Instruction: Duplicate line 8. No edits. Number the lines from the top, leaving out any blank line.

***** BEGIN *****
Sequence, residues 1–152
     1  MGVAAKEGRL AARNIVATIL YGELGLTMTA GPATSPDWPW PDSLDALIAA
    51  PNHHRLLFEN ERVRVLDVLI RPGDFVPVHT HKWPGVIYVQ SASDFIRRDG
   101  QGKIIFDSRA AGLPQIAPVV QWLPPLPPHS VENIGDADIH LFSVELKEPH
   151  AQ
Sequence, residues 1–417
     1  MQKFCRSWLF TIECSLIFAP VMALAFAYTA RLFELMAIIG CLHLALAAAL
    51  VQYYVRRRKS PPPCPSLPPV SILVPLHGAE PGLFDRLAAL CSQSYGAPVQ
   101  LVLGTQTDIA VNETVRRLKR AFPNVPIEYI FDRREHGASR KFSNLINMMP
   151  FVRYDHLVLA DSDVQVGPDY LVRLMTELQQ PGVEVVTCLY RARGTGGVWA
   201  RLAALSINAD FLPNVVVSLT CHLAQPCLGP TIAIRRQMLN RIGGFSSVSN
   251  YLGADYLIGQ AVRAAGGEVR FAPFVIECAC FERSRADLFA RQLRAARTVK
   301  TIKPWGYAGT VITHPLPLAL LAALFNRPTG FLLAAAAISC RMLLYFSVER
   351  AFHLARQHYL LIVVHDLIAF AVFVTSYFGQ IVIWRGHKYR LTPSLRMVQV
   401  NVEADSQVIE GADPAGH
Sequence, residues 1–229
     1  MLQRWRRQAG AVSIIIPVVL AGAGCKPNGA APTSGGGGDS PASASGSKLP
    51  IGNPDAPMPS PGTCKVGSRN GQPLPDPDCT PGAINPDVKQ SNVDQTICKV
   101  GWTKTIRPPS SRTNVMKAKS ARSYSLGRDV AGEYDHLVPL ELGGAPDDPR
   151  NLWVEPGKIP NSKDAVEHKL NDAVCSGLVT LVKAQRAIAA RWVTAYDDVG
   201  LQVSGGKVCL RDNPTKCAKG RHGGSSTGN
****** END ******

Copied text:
    51  VQYYVRRRKS PPPCPSLPPV SILVPLHGAE PGLFDRLAAL CSQSYGAPVQ